In addition, for over a decade I worked as a university lecturer in the field of business, primarily in finance, economics and professional communication.
Since leaving university I very rarely had the opportunity or need (or desire) to revisit most of the theories I used to teach, until a random conversation with a martial arts student about a university assignment somehow got me thinking about the Law of Diminishing Returns, and I was immediately shocked at how that economic principle could be used to explain, in a way, the relationship between training and results… which opened the floodgates to many more financial theories. Here are a few from the resulting brainstorm:
1. The Law of Diminishing Returns – In economics, this theory states that, with all other things being equal or unchanged, as we add more factors to production, past a certain point, we will produce less. A good example of this is the number of instructors needed to run a class. At some point, if you add more and more instructors, they will start getting in each other’s way, confuse students and take up mat space, not to mention increase your costs, and your students will end up receiving less-than-optimal tuition, and as a result will learn less. It looks something like this, where TMax and t* give us the point where we maximise returns before they start dropping again:
There are a couple of great applications of this theory to training:
- There is an optimal point of production which best utilizes available resources. Stay below it, and you won’t be maximising your capacity. Go past it, and you’ll stretch yourself too thin and production will fall. This is the perfect analogy for a training routine. We go through phases of training a lot, perhaps in preparation for a competition or grading, and not training at all, perhaps because of injury, but usually there will be a balance where you still grow and develop without burning yourself out. While this point may vary throughout time, it is important for us to find that point and remain aware of it as it changes. Otherwise, much like the production process, we will improve rapidly and then get injured, or train too little and not improve at all. In other words, we need to find the point where our returns from an additional training session (however you define them) are still significant enough to warrant that extra training session.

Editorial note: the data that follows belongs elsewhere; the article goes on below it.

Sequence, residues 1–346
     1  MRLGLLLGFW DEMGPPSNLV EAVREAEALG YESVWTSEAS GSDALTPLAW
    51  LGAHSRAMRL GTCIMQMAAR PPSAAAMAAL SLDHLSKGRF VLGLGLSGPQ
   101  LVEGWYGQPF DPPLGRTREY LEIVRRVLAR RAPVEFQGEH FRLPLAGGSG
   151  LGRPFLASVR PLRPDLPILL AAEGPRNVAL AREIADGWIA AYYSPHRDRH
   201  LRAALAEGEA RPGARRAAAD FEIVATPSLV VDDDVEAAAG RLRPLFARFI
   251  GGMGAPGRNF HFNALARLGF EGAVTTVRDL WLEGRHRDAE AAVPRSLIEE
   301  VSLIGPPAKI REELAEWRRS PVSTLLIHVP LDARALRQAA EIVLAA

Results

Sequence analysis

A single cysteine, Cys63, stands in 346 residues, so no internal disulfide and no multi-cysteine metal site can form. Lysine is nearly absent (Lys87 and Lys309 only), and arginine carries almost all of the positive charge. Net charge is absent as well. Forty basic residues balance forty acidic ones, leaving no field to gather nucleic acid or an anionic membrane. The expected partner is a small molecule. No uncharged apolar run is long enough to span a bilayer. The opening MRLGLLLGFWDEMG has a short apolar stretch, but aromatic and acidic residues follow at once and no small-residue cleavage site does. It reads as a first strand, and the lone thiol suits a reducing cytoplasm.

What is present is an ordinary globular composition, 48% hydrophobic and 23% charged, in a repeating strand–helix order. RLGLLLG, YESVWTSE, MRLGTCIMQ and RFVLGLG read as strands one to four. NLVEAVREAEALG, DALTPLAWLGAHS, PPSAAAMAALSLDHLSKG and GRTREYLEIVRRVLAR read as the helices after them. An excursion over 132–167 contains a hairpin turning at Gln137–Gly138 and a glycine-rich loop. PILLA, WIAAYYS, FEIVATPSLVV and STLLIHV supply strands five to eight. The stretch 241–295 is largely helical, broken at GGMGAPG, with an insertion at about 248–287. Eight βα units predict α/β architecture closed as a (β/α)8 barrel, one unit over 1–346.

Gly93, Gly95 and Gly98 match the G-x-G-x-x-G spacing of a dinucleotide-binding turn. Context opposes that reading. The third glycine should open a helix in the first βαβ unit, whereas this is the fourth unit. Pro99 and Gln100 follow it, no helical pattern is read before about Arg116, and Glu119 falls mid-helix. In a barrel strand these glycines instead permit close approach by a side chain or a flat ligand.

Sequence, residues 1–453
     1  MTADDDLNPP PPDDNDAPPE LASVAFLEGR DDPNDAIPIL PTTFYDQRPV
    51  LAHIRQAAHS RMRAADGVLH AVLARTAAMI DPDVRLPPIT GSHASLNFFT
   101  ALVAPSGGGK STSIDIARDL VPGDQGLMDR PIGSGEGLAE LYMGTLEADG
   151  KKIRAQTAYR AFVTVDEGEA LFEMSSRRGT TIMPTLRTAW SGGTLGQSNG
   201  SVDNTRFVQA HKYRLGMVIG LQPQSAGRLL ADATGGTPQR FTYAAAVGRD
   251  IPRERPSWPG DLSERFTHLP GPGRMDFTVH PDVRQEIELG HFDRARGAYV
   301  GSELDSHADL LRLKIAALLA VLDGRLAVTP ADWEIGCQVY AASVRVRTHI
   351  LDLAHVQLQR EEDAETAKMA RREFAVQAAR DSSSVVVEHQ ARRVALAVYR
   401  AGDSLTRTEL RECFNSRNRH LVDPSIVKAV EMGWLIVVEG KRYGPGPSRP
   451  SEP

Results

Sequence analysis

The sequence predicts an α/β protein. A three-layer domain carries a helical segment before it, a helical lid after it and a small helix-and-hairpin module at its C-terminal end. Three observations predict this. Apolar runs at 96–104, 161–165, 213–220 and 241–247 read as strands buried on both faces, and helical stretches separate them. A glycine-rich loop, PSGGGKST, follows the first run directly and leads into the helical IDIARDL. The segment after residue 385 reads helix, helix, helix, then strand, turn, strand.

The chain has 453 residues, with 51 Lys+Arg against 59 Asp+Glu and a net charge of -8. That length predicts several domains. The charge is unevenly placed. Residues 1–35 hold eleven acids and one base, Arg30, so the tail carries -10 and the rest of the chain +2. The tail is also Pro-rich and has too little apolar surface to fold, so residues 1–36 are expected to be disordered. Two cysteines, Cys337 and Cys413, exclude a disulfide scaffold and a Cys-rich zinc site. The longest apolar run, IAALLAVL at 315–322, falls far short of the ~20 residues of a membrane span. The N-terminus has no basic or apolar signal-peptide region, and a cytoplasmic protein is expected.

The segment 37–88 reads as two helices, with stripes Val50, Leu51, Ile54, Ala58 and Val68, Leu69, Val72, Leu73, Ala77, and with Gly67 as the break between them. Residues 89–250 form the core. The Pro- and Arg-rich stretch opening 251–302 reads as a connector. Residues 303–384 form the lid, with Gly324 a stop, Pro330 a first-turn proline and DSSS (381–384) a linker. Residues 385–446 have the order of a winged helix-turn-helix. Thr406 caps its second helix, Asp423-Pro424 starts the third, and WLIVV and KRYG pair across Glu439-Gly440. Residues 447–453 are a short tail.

- Another explanation is that diminishing returns refer to the point where the returns or benefits are less than the amount of energy spent or invested. I think this is a perfect example of what happens as you improve over time. As you get better and better with training, your techniques become sharper and more accurate. As this happens you start appreciating the ‘diminished returns’. You start seeing the smaller facets and fine details, and every small improvement takes more and more work and time. In a sense, the Law of Diminishing Returns describes the unattainable perfection that martial artists seek.
2. Economies of Scale - This is almost like the opposite of the Law of Diminishing Returns. This theory states that given fixed costs (for example, rent we pay for our dojo), as we increase production we reduce the fixed cost per unit. For example, if you have to pay $5,000 in rent every month and you have 5 students in your dojo, you will have to charge each of them $1,000 per month to cover rent, but if you have 500 then you only have to charge each $10. That being said, other costs - variable costs, think of them as costs per student - can increase. For example, you may have to replace pads and equipment more regularly, buy a lot more stock, pay more in utilities (phone, water, electricity, etc.), pay additional instructors, etc. This leads to a balancing point where your costs will be at their lowest before they start climbing up again. This looks something like this, where the point C1Q2 represents the point where costs are lowest:
Dojo management aside, this also describes, in a way, progress and focus in training resulting from getting repetitions in. Remember the first time you did a hard pad session? Probably couldn’t move for a few days after. But as you improve technically and the subtlety of the movements is explored, your body becomes accustomed to the movements and you spend less and less energy in executing the same techniques… providing other conditions are optimal, i.e. you are not overly fatigued, sick, injured, distracted, etc. Reminiscent of the last point on diminishing returns, economies of scale is the principle that we have an optimal performance point, which is, if greatly simplified, a function of repetition and fatigue. Finding this point is up to you!